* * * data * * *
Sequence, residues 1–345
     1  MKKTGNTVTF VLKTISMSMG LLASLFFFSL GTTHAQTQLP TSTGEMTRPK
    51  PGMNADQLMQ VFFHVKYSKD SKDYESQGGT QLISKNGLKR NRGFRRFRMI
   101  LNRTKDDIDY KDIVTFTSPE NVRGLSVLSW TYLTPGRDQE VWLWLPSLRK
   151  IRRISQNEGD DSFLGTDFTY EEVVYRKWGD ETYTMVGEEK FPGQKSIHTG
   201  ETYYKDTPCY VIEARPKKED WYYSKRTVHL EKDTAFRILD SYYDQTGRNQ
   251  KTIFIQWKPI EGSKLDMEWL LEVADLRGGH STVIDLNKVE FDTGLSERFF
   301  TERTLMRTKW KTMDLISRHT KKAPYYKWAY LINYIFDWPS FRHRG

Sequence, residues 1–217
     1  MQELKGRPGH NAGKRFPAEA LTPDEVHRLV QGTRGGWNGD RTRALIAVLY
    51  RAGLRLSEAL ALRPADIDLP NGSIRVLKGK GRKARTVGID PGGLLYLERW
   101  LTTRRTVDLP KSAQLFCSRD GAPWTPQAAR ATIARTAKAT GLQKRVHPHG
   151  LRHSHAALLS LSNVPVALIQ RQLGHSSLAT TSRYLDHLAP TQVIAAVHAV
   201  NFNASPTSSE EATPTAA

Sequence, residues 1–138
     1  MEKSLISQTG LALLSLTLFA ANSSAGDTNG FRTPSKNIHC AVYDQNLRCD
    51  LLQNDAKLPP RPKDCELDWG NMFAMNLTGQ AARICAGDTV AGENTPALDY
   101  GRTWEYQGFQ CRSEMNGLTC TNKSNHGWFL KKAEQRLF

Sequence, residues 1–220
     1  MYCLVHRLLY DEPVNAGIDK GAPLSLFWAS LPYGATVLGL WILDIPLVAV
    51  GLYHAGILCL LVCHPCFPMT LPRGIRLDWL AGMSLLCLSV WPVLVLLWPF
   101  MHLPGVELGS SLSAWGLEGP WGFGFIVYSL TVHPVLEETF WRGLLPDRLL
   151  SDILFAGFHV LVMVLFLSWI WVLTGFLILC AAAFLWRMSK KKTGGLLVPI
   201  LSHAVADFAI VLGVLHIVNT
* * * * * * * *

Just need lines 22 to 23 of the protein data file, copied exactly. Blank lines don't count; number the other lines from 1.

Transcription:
   101  MHLPGVELGS SLSAWGLEGP WGFGFIVYSL TVHPVLEETF WRGLLPDRLL
   151  SDILFAGFHV LVMVLFLSWI WVLTGFLILC AAAFLWRMSK KKTGGLLVPI